@psparent Sorry you and your child had to go through the stress inducing process of disciplinary action at boarding school. I echo what @EarlyMTNester suggested regarding transfer potential if desired. I’ve know quite a few BS kids who have transferred to more selective colleges after a successful start at the initial school.
Thanks for bringing an important subject to the forefront. It’s important for every child and parent to read and understand the school’s policy handbook. I think the process of notifying colleges of disciplinary action and of disciplining for violations for off-campus activity is fairly universal. As mentioned, it can be even more harsh for one strike schools and a reason I am not a fan of one strike policies. Teens do make mistakes and seem to have it wired into them to test boundaries and experiment.
It’s really easy to look at your kid when 13/14 and being the boarding school process and think, well, I’ll never have to worry about THAT stuff with Junior. And Junior might think that him/herself. 15/16/17/18, much different. I’ll be honest that with one of my kids we really sweated it out until kiddo crossed the graduation stage and was handed a diploma. Great kid (says mom) but a bit of an independent streak. Gave me extra gray hair. Like in all high schools, there will be drugs, drinking, sex, and silly stuff that just breaks rules. Some kids will cheat, plagiarize. You can look at some of the surveys and you’ll see that it is a sizable percentage that will engage in some kind of rule breaking behavior before they graduate. They all think they are smarter than they are and won’t get caught - until they do. Or someone else gets caught and they all go quiet for a little while out of fear and a reminder, but that only lasts so long. I do have sympathy for the school administration in trying to enforce rules. Without some harsh consequences, I’m sure all hell would break loose. It’s a tough call to make. One advantage to BS in my own days was that, unlike parents who could be fickle or emotional about punishments and thus inconsistent, at BS you knew the penalties as they were all laid out.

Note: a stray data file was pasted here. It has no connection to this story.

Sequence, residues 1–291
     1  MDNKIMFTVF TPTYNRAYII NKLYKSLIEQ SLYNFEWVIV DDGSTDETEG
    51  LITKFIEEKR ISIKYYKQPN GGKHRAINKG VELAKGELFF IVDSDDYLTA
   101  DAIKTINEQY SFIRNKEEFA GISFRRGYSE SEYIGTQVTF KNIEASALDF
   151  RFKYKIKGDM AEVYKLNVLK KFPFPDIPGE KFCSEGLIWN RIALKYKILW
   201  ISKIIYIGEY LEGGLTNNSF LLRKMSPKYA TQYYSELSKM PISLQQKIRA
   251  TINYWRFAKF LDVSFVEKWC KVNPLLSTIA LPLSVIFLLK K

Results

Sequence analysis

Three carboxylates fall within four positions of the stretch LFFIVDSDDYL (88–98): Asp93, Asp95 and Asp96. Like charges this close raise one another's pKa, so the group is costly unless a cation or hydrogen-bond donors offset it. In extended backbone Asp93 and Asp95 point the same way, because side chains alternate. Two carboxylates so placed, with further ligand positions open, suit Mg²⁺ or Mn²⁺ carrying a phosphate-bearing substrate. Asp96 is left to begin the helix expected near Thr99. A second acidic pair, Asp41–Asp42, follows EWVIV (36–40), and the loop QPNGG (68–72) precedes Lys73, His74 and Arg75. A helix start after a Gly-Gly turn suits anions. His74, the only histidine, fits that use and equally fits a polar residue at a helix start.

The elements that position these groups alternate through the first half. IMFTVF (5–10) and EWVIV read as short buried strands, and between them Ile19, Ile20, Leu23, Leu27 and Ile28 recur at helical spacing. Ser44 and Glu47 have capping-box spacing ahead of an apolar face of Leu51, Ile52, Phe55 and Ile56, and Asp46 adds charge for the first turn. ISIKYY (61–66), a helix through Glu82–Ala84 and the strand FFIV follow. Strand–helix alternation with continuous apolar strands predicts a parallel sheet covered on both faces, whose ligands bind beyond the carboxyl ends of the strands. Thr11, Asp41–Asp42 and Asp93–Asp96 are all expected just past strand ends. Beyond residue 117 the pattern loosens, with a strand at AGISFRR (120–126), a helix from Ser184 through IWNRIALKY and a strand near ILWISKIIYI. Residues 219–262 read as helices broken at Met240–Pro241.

I’ve always said that BS starts off giving a kid more freedom than he/she would have at home at 14 but by the time they graduate it is usually much more restrictive than life at home and at public school. As far as public schools and partying, in my area, every year or two there is a big party busted by town police and kids get charged for underaged drinking. At least at BS, no one brings the cops in for your underage drinker or pot smoker.
It might be worth noting that you can always suggest your child call you before agreeing to anything or saying anything when confronted. I do know families who have “voluntarily” pulled their kid out before disciplinary action progressed. Not saying that is the right way to handle it, or the way your child will learn the most, but it is done.
As far as notifying colleges, I think it is done regardless of the offense whether it is marijuana, drinking, or cheating or plagiarism. How much colleges consider it a knock will depend on what it was and when the infraction took place. Make a mistake in 9th or 10th grade and one can successfully spin it as a learning experience. In 12th grade, it is every parent’s nightmare and much harder to justify in that way. I will also add that plenty of disciplined kids go on to very good colleges. It might not be the tippy top schools one had their heart set on, but they are still going to have wonderful colleges that will accept them and provide a great education. I know several examples of such from my kids’ friends and classmates. Doing well at fine institutions. In the big scheme of things, it wasn’t overly harsh or limiting to them.
Read those handbooks. Talk to your kids. Give them constant reminders. Be careful of what kind of permissions you give them for off campus gatherings. Those off campus gatherings and weekends can be bad news.
“First, I do not believe the school should be able to proactively contact a college about anything unless it is something that is a felony.”
There are things that BS are required by law to notify the police about, selling drugs and sexual assault being two off the top of my head. It’ll be a matter of public record. As far as the rest, as private schools you and your children agree to abide by the rules as laid down by the school. Make sure you understand what you are signing.